The office of state Inspector General Glenn A. Cunha has rejected a request from the losing bidders for the Captain Warren House to investigate Edgartown’s bid process.
On September 23, Edgartown selectmen accepted a bid of $2.5 million from Jeffrey Wolk of Chestnut Hill. Selectmen rejected a bid in the same amount from Wayne Grigull and Janet Hiebert of London because a property map submitted with the offer included a part of the sidewalk, which is owned by the town.
“Last week, right after the bid was awarded for the purchase of the Warren House, the people who weren’t awarded contacted the inspector generals office and requested that they investigate the process,” town administrator Pamela Dolby told Edgartown selectmen at their regular meeting Monday.
Ms. Dolby told selectmen she had been in touch with town counsel Ron Rappaport, who said the inspector general’s office would not pursue the investigation.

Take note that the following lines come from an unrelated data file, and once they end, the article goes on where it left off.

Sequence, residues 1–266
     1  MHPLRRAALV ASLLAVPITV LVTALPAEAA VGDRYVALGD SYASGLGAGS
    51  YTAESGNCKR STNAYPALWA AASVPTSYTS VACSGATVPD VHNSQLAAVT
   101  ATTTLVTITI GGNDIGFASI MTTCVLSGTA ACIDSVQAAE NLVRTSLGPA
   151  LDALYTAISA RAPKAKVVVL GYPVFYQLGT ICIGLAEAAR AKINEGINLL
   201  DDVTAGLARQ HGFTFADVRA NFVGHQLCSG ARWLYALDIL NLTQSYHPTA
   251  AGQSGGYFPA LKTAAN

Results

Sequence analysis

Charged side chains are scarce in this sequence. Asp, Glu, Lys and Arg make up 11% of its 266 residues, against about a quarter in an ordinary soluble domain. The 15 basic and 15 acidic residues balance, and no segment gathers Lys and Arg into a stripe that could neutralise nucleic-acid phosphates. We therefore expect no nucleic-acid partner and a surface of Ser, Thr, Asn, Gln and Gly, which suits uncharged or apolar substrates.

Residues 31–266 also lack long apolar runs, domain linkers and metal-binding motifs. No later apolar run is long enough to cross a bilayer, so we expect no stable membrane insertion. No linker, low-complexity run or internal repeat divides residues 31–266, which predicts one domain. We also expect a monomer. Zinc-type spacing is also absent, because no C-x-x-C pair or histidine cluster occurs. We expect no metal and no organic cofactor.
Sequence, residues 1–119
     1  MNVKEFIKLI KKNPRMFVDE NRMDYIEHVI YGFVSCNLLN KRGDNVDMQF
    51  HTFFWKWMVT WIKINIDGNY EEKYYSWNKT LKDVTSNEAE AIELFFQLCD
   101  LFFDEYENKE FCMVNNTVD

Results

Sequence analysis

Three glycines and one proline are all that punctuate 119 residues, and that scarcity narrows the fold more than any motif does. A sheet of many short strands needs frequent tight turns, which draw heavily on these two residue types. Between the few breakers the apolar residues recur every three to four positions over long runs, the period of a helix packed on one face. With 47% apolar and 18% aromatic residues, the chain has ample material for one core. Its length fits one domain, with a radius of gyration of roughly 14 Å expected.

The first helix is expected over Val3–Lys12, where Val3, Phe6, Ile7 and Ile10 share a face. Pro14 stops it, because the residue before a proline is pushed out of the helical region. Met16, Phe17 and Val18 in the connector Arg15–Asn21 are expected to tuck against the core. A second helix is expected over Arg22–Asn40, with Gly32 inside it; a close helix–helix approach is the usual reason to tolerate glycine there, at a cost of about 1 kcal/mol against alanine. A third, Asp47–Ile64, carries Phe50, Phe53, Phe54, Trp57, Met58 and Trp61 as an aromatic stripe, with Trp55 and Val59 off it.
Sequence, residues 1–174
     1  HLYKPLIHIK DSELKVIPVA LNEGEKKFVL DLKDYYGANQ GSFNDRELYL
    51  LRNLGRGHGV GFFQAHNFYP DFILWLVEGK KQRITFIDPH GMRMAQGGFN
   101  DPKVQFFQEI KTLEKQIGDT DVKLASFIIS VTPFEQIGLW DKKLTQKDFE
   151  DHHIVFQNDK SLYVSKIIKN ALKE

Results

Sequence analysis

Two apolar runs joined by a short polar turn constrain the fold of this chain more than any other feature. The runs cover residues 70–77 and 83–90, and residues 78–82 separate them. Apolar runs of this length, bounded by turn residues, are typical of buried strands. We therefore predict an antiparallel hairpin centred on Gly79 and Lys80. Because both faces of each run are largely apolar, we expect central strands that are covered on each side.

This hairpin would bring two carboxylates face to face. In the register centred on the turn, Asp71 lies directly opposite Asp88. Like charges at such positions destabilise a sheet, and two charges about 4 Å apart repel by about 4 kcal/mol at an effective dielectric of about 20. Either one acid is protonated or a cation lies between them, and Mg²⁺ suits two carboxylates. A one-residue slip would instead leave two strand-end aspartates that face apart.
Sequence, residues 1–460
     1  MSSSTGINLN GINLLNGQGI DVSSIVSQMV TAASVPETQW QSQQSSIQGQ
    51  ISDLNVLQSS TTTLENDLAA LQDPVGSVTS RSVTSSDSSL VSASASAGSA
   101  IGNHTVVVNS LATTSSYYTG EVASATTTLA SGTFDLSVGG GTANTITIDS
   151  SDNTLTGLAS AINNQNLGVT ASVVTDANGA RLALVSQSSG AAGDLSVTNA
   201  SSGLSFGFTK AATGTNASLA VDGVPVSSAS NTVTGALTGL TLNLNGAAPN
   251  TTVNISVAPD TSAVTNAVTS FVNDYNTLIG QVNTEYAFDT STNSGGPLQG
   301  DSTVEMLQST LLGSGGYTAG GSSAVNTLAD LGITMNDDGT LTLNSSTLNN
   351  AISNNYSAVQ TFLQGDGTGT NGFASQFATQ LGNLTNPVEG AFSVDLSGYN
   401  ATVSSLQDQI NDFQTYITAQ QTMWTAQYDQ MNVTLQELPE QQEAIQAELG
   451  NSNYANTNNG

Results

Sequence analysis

“They’re not going to investigate it at all; they’re satisfied that the process was followed correctly,” Ms. Dolby said. “Now that’s not to say that they [the losing bidders] are not going to take this to court. I don’t know what will happen next.”
On September 16, selectmen took two $2.5 million bids under advisement before consulting with Mr. Rappaport.
Selectmen voted unanimously to accept Mr. Wolk’s bid.
“The sidewalk is on town property, so unfortunately this bid makes it contingent on buying the sidewalk, which we have no authority to sell without a town meeting vote,” Mr. Rappaport said at the September 23 meeting.
Ms. Dolby said Monday the town has received a $250,000 down payment from the winning bidder, Mr. Wolk, for the building, and they are now proceeding to close the deal. Mr. Wolk plans to turn the decaying house into a private residence.
The town bought the Warren House for $3.5 million in 2004, as part of a plan, later abandoned, to expand the Edgartown Library, which abuts the Warren House. A new town library is now under construction at the site of the town’s former elementary school.